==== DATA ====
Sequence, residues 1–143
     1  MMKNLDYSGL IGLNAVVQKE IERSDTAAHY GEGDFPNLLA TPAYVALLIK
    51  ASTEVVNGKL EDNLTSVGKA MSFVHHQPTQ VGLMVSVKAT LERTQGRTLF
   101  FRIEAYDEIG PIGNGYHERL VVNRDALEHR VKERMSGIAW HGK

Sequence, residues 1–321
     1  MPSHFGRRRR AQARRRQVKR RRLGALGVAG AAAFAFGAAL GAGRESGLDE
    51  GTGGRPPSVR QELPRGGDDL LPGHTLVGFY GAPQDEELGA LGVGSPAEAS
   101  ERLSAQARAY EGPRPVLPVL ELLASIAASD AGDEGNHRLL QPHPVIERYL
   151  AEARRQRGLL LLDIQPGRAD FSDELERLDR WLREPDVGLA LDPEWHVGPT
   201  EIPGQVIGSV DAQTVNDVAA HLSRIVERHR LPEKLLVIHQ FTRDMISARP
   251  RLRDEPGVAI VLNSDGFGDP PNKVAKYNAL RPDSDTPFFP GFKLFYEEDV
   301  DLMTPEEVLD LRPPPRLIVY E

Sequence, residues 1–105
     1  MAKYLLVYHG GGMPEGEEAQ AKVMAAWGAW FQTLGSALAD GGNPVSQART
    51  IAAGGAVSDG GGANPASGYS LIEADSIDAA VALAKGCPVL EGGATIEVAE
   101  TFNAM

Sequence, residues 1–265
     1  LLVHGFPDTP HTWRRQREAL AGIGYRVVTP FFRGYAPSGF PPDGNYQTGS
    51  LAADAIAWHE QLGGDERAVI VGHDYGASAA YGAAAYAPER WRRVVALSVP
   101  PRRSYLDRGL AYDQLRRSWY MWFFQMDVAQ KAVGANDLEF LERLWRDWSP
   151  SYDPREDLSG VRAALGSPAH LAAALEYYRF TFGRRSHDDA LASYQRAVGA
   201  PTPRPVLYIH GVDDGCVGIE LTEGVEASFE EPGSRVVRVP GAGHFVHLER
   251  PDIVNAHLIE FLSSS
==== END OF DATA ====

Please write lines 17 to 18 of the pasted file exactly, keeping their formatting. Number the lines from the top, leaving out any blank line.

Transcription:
Sequence, residues 1–265
     1  LLVHGFPDTP HTWRRQREAL AGIGYRVVTP FFRGYAPSGF PPDGNYQTGS